A group of Wickham residents fears Newcastle council is poised to ignore decades of planning by allowing a developer to almost triple the height limit in an area designated as a low-rise "village hub".
Sydney developer Fidem Property Group has applied to change the height limit from 10 to 28 metres on land at 41-47 Throsby Street next door to single-storey houses.
In return for the more generous height limit, the developer would pay for a laneway linking Throsby Street to Furlong Lane.
Neighbour Kirsten Drysdale said the proposed lane was of no benefit to the community but would help the developer.
"They get several extra stories with uninterrupted views to the harbour and great laneway access for their residents. We get a totally inappropriate building in the middle of the village hub," Ms Drysdale said.
"The Wickham community fully supports the redevelopment and increased density in much of the rest of the suburb, where sites have been identified as appropriate for high-rises.
"We don't support this kind of spot planning that totally disregards the years of work and thought that have gone into planning Wickham's renewal."
The council approved a master plan "update" in September which proposed the laneway.
It has also prepared a planning proposal which would give developers density incentives on seven sites in Wickham, including 41-47 Throsby Street, in return for providing "community infrastructure".
The council planning proposal came before the elected council for approval in October, but councillors postponed debate on the matter until next year.
Ms Drysdale said the council would set a damaging precedent if it granted Fidem's request.
"It will be the first time uplift in return for a community infrastructure incentives policy is implemented," she said.
"It also has relevance for other master plans. Why bother putting all the time and resources into these if they're going to be disregarded?"
Ms Drysdale said she had relied on a Wickham Master Plan map identifying the village hub when she bought her house several years ago.
"We felt confident we were well within the low-rise village hub and wouldn't have a high-rise go up immediately beside us," she said.
That colour-coded 2017 map showed 41 Throsby Street being inside the village hub precinct.
The outline of the village hub was blurry in a published draft of the Wickham Master Plan update in July, then the approved version of the update shows 41 Throsby Street lying just outside the village hub.
Another developer, John Hersee, is building two stand-alone houses at 33 Throsby Street within the 10-metre height limit and cannot understand why the council appears to be encouraging the neighbouring development to go far higher.
"I'm trying to build something nice to fit into the village, but eight to 10 storeys would overshadow the neighbourhood," he said.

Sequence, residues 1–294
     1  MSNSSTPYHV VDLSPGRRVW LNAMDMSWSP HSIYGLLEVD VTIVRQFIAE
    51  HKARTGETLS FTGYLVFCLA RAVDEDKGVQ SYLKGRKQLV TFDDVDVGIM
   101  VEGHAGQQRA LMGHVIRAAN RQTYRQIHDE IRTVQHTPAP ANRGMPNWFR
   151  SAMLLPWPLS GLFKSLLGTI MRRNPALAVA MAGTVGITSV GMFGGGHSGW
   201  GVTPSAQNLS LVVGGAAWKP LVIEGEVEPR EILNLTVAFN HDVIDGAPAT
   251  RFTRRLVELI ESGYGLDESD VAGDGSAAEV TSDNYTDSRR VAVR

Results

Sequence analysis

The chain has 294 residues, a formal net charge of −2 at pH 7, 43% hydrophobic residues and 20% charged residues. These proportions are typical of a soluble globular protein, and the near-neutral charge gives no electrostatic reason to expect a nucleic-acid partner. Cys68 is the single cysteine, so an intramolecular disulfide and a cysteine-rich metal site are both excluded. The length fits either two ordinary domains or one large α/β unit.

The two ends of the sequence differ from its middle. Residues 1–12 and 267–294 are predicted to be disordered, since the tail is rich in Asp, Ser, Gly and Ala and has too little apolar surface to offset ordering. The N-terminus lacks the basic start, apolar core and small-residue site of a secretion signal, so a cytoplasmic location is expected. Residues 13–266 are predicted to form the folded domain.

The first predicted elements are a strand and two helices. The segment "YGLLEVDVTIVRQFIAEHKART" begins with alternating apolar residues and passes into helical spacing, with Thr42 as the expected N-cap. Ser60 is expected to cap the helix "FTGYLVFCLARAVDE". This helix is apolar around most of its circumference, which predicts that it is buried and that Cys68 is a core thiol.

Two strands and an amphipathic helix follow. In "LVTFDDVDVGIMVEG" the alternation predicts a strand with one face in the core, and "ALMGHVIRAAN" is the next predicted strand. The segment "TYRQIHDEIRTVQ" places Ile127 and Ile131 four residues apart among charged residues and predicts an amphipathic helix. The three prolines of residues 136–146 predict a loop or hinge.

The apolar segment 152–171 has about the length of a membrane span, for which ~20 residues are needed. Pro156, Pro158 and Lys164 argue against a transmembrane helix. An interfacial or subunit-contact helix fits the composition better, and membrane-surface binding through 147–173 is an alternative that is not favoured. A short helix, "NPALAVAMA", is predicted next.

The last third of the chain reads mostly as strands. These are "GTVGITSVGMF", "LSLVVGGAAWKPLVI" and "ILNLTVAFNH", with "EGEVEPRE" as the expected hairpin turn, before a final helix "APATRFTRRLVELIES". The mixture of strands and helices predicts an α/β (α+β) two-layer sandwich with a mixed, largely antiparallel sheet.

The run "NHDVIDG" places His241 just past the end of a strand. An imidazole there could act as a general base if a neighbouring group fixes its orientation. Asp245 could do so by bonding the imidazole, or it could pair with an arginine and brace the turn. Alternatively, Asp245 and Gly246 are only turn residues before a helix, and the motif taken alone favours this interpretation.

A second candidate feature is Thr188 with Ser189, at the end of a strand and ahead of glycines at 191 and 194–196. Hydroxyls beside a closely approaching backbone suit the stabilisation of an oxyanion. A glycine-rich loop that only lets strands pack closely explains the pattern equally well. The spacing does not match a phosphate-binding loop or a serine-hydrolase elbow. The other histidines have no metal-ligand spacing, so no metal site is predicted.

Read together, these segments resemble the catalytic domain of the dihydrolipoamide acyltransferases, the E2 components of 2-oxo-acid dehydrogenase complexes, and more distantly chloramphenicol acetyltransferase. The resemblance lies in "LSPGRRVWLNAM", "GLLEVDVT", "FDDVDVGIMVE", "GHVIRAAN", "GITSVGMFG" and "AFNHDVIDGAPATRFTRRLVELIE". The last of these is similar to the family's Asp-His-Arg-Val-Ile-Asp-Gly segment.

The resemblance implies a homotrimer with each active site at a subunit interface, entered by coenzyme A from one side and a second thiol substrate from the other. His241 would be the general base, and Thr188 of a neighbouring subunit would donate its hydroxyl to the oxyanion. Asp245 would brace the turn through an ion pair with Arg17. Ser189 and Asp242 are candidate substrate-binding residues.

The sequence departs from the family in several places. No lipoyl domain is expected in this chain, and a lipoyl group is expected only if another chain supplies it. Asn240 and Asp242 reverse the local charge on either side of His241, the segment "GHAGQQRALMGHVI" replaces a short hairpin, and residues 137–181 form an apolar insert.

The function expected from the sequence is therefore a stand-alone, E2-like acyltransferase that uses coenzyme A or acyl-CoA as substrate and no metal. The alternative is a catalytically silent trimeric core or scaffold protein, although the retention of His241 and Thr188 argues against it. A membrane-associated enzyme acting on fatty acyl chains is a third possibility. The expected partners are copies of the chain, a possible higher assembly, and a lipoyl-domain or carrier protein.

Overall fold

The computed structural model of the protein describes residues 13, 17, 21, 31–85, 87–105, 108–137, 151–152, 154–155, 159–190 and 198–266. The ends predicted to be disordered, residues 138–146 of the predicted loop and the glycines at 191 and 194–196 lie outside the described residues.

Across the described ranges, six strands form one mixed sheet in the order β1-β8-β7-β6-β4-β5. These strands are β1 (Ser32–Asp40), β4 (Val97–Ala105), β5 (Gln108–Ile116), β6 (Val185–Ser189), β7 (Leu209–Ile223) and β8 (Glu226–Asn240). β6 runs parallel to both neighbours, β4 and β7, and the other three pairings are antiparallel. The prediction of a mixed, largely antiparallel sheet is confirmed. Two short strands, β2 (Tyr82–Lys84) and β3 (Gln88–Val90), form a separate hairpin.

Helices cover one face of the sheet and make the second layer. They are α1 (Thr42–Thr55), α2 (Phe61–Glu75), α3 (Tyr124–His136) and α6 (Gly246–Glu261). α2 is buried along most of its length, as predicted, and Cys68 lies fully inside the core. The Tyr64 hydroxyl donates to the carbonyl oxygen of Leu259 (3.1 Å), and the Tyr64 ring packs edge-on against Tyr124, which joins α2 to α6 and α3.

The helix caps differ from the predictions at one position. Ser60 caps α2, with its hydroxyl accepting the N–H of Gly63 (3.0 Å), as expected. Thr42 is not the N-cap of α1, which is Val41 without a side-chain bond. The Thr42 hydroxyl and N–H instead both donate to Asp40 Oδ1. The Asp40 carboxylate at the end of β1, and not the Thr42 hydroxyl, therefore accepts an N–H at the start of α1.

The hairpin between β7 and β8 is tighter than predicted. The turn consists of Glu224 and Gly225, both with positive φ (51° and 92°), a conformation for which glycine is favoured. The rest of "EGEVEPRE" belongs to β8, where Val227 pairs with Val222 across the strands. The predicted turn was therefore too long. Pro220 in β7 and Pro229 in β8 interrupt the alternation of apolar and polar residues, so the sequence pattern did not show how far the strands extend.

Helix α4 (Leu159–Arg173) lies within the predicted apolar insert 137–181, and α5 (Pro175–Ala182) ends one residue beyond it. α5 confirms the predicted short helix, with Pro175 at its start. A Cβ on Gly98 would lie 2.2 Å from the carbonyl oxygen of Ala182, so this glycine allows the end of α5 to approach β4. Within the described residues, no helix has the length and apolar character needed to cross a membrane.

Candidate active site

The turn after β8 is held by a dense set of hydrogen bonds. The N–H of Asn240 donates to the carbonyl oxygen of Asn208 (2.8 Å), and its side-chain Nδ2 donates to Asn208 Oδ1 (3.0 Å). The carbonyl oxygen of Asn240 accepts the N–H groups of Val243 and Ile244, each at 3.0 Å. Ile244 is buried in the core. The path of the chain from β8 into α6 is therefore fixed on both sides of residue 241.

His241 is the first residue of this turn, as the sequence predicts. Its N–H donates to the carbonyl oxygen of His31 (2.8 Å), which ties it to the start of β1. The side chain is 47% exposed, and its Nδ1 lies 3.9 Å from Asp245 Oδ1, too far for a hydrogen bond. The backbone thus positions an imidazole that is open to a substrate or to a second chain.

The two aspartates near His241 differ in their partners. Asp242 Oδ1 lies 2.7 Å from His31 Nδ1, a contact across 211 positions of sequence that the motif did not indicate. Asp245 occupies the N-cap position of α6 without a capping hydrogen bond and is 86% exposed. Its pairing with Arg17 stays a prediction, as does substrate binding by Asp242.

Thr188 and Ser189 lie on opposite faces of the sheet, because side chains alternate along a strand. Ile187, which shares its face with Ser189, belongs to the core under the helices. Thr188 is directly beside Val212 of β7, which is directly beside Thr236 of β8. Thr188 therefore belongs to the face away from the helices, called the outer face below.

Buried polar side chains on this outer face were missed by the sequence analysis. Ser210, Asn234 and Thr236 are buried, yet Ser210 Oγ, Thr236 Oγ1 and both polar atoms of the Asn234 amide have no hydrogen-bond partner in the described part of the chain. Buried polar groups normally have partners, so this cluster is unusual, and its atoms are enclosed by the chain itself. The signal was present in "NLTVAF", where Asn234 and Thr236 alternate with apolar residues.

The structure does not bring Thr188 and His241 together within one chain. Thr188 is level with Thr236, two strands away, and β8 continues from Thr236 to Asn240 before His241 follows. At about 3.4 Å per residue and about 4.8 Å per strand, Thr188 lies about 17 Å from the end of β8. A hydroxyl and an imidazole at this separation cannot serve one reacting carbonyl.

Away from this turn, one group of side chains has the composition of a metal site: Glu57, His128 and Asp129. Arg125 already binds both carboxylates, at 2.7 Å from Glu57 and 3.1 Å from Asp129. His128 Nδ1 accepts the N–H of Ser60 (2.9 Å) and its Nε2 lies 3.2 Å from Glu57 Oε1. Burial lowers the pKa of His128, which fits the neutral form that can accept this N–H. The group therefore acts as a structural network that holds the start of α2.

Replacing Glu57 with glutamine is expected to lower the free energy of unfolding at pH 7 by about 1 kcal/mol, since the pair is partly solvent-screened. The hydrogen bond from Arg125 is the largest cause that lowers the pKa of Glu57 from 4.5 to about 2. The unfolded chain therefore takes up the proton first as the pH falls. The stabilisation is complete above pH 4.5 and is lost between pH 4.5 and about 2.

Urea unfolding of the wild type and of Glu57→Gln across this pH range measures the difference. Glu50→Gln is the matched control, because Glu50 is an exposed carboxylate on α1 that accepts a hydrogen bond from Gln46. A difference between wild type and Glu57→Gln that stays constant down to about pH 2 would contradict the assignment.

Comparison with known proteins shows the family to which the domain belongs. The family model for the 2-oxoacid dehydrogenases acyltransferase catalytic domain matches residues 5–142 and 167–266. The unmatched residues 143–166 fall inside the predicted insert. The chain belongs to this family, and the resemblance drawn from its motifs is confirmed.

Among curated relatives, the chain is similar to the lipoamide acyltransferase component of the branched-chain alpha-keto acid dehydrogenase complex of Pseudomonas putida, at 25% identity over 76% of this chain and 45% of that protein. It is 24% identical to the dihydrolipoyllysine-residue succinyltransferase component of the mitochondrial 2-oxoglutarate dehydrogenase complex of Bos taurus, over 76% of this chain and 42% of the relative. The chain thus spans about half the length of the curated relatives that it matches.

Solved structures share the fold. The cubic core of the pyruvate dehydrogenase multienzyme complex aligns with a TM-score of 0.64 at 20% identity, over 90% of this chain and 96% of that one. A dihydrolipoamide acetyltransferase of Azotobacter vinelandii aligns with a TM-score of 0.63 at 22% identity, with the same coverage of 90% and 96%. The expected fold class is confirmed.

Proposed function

"The Wickham village was supposed to stop that."
Lyn Kilby, of community group Great Lifestyle of Wickham, said changing the height limit flew in the face of years of master planning the suburb.
"Why would you do this?" she said. "I know everyone thinks the same.
"We've listened to a lot of people over 30 years. We've talked and walked with every planner from Macquarie Street to central Newcastle and HCCDC and every politician to get this right here.
"It's a village, and who in the world wouldn't want to keep it?"
Fidem spokesman Emmanuel Ghobrial said the company's offer to dedicate and develop part of its land at 47 Throsby Street as a public lane had been independently peer-reviewed.
"Adjacent to our site was a future laneway that required council to acquire private land from 55 Throsby Street and deliver the proposed laneway," he said.
"To help council meet its strategic planning objectives, deliver key community infrastructure as well as be a catalyst for change, we approached council and offered to dedicate a portion of our land on 47 Throsby Street to deliver the proposed laneway at no cost to council.
"The offer considered the site spanning across two precincts and was stepped down in building heights from west to east to accommodate for the transition in heights across neighbouring precincts."
Mr Ghobrial said the planning proposal had helped form the basis for the council's community infrastructure incentives policies and was "entirely representative" of the approach the council had adopted in its WMP.
"It is the first of its kind to be publicly exhibited," he said.
"The approach will encourage and incentivise renewal and development in an area in line with local and state government strategic plans."
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